Hello Dr. Centore,
This is Dr. Smith from Long Island, NY. We have been playing phone tag for the last few days. Here is my practice information.
I am a child and adolescent psychiatrist. I am in solo part-time private practice, about 8-10 hours a week. I was part of a group practice and then left the practice last year and started solo. My patients have been with me for about 2 years now. I rent an office space. There is no lease.
It is a cash-only practice. I do not accept any insurances. My no-show rate is almost 0%. Collection rate is about 99%. Monthly revenue is about $10,000. My patients are children, adolescents and adults. Almost no elderly patients. Most of my patients are stable.
It is an ideal practice for someone to do part-time private practice. If someone wants to expand, it is quite easy. I get plenty of new-patient inquires but I have chosen to keep it part-time.
I will be available to help the transition phase. I am planning to relocate to Dallas, TX. Even after the transition, I could be available for any questions. If it is a recent graduate (I think it could be ideal for someone graduating from a training program), I could remain on board as a consultant for a few months. In short, I am flexible and committed to help out with the transition in whatever way I can.
Thank you for your help. Please let me know if you have any questions.
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Greetings Dr Smith,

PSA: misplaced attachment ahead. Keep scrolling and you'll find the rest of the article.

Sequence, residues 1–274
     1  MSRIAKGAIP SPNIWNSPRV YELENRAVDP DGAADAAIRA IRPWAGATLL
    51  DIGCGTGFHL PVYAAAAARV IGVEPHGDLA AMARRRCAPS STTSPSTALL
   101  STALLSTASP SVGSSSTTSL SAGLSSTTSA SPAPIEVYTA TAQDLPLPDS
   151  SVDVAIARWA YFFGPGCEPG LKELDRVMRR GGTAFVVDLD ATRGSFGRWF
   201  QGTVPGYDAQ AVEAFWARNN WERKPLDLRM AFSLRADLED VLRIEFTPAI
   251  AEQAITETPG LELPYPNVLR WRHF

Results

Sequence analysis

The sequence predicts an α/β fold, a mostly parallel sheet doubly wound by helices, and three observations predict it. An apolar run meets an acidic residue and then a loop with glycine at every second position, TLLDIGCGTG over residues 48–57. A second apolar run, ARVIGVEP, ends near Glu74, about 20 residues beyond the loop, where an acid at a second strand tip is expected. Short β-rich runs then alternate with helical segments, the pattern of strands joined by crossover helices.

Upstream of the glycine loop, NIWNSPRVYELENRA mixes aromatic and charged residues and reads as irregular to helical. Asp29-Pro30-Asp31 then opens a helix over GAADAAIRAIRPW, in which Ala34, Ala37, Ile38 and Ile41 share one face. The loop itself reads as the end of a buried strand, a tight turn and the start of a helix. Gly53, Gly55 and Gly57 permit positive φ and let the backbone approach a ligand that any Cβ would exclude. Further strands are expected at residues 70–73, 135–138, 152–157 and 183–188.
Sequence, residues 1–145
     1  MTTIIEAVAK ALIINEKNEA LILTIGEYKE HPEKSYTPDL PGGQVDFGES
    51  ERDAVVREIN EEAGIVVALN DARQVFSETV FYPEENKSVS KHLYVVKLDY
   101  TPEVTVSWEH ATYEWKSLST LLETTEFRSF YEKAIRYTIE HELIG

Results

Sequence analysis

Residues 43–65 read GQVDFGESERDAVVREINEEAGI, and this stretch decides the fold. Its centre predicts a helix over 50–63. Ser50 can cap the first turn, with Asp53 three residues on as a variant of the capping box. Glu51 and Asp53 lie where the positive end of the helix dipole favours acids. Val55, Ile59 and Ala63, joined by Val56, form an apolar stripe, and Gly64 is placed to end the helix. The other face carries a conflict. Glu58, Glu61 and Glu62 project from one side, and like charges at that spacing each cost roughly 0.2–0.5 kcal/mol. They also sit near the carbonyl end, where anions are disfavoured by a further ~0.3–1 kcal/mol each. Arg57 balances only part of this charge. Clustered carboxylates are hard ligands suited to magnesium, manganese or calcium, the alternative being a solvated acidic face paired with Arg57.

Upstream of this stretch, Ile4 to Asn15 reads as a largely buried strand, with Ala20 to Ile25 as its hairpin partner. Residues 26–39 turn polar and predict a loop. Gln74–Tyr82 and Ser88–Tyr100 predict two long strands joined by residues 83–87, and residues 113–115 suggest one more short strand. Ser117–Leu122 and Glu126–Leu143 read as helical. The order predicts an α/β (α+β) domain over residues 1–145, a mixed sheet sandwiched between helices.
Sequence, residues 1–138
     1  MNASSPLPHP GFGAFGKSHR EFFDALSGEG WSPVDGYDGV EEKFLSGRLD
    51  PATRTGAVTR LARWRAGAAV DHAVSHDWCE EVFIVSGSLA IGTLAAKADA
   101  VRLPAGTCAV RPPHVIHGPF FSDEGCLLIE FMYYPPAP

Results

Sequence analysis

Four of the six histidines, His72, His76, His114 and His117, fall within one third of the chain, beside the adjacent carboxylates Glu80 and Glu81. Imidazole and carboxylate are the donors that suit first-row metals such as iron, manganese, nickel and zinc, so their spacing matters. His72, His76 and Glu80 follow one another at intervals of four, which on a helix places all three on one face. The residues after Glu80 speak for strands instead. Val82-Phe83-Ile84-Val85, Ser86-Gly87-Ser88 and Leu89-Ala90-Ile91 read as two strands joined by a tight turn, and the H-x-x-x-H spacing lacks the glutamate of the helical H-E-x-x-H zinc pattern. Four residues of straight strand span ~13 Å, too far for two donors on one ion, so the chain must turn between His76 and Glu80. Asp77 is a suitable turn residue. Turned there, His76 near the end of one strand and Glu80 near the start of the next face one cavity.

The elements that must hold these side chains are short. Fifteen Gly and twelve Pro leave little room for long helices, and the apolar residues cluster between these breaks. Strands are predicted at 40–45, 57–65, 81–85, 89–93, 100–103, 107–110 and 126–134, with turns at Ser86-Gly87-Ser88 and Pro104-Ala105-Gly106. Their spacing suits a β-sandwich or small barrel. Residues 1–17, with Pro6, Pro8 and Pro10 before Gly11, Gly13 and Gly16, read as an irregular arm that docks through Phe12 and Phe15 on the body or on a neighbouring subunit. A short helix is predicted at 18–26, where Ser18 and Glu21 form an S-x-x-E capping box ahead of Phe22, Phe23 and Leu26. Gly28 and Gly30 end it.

Thank you for your email, and sorry we haven’t been able to connect by phone.
Psychiatrists are in such short supply, very few are wanting for clients. Because of this, and because the moment you leave the practice you have built stops making any money (as you’re the only provider), the practice probably doesn’t have a high value in terms of a business sale. This isn’t to say it’s “worthless”–certainly not. The practice is very valuable to you, and to the people you service. It’s just that the value you have built isn’t easily transferred to a buyer. Another psychiatrist is really your only buyer, and right now—and for the foreseeable future—good licensed psychiatrists often have many lucrative employment, and even self-employment, options.
If you can find a psychiatrist to take over, the purchase value of your business would be the value of your hard assets (computers, furniture, etc,), and your business’ phone number. A total value, unless I’m missing an important detail, which I sincerely might be, would likely be under $25,000.
Please do feel free to keep trying to reaching me by phone, or just email me. I am happy to talk with you.
Finally, please know that this is just my opinion. I’m not giving legal advice, accounting advice, and I don’t warranty my opinion in anyway. How’s that for a disclaimer?
About Dallas, if you’re interested, I would love to talk with you about working at Thriveworks in Dallas. There would be some details to work out, but in general Thriveworks would take care of everything like the billing, scheduling, credentialing, office space (our spaces are beautiful, like nothing else in the field), advertising, and everything else…and you’d be able to just see patients. It is a very lucrative role for psychiatrists, with also a very nice lifestyle. Do you see how very rare and valuable persons in your profession are? I barely know you and I’m trying to recruit you to join my team.
While it will make it easy for you to land on your feet when you relocate, such will make it more difficult to sell your practice. A double-edged sword, I guess.